Forum for student expression since 1977

The Patriot Press

Forum for student expression since 1977

The Patriot Press

Forum for student expression since 1977

The Patriot Press


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Raccoons: Maniacal marsupials or culinary connoisseurs?

Of all the members of the animal kingdom, raccoons are often reduced to the worst of stereotypes: trash pandas, nabbers, hissers, night crawlers and abominations-of-a-corpse on the side of a road. However, freshman Hayden Quinto and her family instead see cute companions – even equals. 

Last summer, Quinto and her family noticed a shy raccoon climbing around the trees in their backyard. Now, raccoon Sally and her children Nugget and Rocket, have become frequent feasters and welcome guests at the Quinto household. 

“We have a little window in our office that looks out to a little entryway,” Quinto said. “One time while we were in the office, we saw a raccoon come over and we were like, ‘they’re so cute!'” 

The raccoons just kept coming back, so Quinto decided to start feeding them. Over time, she learned how to gain their trust.

 “When you approach them, they like it when they can’t see your face because it scares them,” Quinto said. “We turn our backs to make them feel safe.”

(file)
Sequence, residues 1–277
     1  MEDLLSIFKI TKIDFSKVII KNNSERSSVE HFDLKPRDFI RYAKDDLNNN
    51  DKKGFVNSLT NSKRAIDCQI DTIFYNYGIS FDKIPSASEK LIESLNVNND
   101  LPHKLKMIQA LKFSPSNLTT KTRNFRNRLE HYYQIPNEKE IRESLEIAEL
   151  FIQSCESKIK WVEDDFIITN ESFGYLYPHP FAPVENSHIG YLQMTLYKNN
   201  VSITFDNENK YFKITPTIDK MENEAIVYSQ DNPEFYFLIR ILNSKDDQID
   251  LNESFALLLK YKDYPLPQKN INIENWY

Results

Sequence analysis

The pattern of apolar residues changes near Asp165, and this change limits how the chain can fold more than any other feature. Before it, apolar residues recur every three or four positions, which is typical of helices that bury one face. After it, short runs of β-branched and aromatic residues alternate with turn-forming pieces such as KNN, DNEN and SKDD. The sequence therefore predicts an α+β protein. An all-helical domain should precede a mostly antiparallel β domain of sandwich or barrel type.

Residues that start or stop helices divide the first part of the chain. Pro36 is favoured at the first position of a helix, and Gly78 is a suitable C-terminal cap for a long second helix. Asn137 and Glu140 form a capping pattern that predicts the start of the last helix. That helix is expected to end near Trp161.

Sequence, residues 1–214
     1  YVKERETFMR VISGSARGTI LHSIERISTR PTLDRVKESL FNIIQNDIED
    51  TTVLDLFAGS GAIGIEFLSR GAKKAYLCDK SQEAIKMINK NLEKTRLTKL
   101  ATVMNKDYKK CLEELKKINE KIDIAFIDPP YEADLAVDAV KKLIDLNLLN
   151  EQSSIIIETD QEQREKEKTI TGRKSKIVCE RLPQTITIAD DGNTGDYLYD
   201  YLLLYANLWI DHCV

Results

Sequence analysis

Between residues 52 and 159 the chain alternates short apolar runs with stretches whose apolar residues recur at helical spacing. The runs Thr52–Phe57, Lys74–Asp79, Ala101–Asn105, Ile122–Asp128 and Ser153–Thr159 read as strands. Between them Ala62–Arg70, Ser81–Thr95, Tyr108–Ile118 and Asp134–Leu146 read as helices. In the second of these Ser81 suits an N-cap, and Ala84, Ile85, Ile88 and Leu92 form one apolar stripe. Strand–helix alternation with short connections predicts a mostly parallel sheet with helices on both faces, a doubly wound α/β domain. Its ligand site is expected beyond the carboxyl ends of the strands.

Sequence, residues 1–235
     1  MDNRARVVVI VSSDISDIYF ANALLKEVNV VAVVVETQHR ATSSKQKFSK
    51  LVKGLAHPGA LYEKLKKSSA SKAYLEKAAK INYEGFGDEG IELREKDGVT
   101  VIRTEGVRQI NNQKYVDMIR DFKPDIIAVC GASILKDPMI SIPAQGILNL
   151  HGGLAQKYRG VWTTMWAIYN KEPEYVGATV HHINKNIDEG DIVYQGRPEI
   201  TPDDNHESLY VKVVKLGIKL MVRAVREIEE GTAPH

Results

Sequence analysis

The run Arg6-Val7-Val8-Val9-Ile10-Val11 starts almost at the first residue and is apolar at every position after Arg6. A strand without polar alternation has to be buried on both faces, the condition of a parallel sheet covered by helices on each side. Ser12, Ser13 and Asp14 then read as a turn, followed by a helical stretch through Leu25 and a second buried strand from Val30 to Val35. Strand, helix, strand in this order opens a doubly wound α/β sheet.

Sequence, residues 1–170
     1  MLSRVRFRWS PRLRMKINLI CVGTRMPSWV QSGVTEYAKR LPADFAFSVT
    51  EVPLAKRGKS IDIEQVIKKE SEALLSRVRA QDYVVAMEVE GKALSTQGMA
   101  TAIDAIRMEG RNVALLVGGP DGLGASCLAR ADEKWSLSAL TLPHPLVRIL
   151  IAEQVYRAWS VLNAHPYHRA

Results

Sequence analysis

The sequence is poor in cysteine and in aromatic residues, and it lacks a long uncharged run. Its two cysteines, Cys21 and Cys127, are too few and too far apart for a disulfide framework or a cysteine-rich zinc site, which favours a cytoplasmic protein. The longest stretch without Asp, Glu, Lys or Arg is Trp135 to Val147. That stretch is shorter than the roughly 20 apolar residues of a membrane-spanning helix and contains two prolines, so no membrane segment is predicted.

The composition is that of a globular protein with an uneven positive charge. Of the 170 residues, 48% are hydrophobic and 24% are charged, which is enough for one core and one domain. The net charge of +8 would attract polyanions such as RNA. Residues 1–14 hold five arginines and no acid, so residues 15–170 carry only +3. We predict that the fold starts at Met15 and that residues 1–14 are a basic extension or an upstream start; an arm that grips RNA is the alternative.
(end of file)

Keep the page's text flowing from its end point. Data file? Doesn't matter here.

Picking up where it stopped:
Now, every once in a while, the raccoon family will come at dusk to munch on stale chips, hotdogs, and other dollar-store treats, which Quinto gets just for the raccoons. Sometimes, Quinto will make trails of food for them to follow, toss them food, or even feed them directly from her hand. While Sally and Rocket remain anxious to walk up and eat the food, the small but mighty Nugget in particular has no fear of getting the meal she deserves. 

“Nugget is definitely my favorite because she is the cutest and lets me feed her out of my hand,” Quinto said. “She is not scared at all. If she wants food, she’ll just walk right up to you. She doesn’t care.”

Not everyone is on board with the whole raccoon debacle. After all, raccoons can often be a nuisance for homeowners, but these raccoons have shown exceptional respectability. They’ve never hissed at Quinto or her family, and don’t show any signs of aggression. 

“Before, I didn’t really think anything of them. Now, I think they’re really cute, and they’re really nice, actually,” Quinto said

“When you tell people about it, they say, ‘Why do you feed them? They’re always going to come back.’ We don’t mind it, though,” 

Mother nature is not to be messed with, but maybe you can extend a hand, and something will extend a paw, hoof, or claw back.

About the Contributor
Oliver Prado
Oliver Prado, Senior Writer
Oliver Prado is a senior at Liberty High School. He is a senior staff writer. He enjoys boogie boarding, geeking out over history, and discovering new music.